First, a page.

A recent computer science addition to the College Board's Advanced Placement course offerings has seen wild success decades after the non-profit originally introduced the subject in its college-level high school offerings.
The Mississippi Department of Education has committed to implementing a computer science curriculum in all schools by 2024.
Texas Instruments this week took the wraps off a new robotics system and curriculum aimed at university-level engineering students.
Based on design-thinking principles, the new curriculum includes student notebooks with activities aligned to CSTA, ISTE-S, Common Core and Next Generation Science standards.
Students from two school districts in Tennessee — Knox County and Oak Ridge City Schools — have teamed up to break the world record for the largest computer programming lesson.
The city of Chicago wants to introduce its students to coding by expanding its use of Apple's "Everyone Can Code" program in K-12 and community colleges.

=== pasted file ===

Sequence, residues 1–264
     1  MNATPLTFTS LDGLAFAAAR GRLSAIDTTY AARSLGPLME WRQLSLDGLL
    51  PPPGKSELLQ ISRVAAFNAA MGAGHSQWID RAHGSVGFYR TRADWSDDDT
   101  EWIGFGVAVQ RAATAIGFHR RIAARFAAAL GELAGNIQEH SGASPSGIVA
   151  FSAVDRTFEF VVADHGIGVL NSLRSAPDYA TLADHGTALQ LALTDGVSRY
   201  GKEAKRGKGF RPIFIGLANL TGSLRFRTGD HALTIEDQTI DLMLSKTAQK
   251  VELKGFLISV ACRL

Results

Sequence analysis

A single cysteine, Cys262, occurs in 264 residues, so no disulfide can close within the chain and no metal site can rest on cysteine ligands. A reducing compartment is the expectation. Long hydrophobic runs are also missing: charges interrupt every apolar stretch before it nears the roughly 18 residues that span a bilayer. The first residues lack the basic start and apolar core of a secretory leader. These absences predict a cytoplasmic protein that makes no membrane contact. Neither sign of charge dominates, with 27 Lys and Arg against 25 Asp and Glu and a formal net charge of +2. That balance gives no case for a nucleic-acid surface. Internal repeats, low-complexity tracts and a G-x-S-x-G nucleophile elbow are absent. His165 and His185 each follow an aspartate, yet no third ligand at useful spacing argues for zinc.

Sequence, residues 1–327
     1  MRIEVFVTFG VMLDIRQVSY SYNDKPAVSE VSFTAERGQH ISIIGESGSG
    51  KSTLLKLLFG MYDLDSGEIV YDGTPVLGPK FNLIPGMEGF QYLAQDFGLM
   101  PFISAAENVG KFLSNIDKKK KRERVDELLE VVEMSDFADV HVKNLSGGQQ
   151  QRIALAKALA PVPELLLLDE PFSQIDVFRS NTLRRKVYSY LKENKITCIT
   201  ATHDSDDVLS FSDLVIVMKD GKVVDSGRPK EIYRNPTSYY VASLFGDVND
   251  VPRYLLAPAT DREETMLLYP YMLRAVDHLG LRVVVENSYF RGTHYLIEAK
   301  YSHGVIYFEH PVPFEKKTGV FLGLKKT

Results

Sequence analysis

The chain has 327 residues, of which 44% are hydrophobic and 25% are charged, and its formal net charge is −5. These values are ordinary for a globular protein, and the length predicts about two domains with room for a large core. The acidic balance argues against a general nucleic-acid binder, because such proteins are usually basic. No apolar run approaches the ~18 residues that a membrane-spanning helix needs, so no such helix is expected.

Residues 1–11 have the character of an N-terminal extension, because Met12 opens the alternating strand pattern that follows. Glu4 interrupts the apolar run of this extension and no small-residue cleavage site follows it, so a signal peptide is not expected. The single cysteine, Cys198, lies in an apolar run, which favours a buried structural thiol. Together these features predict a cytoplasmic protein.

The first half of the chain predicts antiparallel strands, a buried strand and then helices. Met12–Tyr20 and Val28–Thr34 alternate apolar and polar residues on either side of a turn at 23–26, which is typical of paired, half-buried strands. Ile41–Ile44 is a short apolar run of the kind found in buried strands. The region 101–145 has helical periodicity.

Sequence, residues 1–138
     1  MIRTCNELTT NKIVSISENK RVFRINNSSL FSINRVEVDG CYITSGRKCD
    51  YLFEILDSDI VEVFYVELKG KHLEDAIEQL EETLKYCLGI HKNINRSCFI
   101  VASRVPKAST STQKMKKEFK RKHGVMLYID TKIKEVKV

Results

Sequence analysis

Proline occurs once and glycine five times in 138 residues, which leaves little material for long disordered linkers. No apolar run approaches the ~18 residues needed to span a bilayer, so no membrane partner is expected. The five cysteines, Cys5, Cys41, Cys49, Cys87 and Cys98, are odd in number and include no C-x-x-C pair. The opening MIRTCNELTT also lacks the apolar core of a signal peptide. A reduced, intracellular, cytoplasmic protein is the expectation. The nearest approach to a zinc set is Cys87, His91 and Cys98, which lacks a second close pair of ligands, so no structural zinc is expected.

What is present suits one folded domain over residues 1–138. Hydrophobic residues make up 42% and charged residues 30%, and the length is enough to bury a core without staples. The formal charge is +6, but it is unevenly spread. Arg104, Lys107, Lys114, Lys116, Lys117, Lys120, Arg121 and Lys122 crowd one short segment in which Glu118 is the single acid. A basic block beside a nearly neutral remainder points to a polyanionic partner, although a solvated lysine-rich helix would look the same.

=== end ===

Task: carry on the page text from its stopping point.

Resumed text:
The educational work involves more than the use of computational time and storage. Projects can also include in-class, interactive exercises and assignments, workshops, longer "institutes," semester courses and support of internships and fellowships.
The University of California, Davis C-STEM Center has updated its free STEM platform for grades K-14. Version 4 of the C-STEM Studio software suite includes new and updated curriculum and programs for Lego Mindstorms, Barobo Linkbots, Raspberry Pi computers and Arduino control boards.
Maryland has ramped up efforts to get more students trained in computer science subjects with several new initiatives, including the first "Governor's Club Challenge," intended to draw more girls into coding, and assigning a task force to figure out what pathways are needed between education and open jobs in the state.
Girls Who Code will be reaching an additional thousand girls this summer with accelerated versions of its coding lessons. "Girls Who Code Campus," as the new program is called, will kick off in six cities for middle and high school students.
The eighth-annual Google Code-in will open to students Nov. 28. The challenge calls on pre-university students aged 13 to 17 to complete coding tasks on open source projects, with the aim of exposing teenagers to open source software development.
A Chinese company that provides electronic components for maker projects is bundling a small set of color-coded modules with lessons for the classroom.